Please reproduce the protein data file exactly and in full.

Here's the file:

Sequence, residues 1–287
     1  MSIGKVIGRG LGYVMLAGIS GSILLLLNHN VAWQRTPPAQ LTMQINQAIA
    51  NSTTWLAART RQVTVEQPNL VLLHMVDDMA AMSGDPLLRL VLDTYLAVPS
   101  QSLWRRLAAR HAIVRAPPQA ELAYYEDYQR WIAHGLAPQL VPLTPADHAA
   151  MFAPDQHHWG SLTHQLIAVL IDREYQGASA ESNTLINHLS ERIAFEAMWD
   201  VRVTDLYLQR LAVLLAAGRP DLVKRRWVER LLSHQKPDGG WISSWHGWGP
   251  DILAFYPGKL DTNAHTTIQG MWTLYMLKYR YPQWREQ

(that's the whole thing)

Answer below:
Sequence, residues 1–287
     1  MSIGKVIGRG LGYVMLAGIS GSILLLLNHN VAWQRTPPAQ LTMQINQAIA
    51  NSTTWLAART RQVTVEQPNL VLLHMVDDMA AMSGDPLLRL VLDTYLAVPS
   101  QSLWRRLAAR HAIVRAPPQA ELAYYEDYQR WIAHGLAPQL VPLTPADHAA
   151  MFAPDQHHWG SLTHQLIAVL IDREYQGASA ESNTLINHLS ERIAFEAMWD
   201  VRVTDLYLQR LAVLLAAGRP DLVKRRWVER LLSHQKPDGG WISSWHGWGP
   251  DILAFYPGKL DTNAHTTIQG MWTLYMLKYR YPQWREQ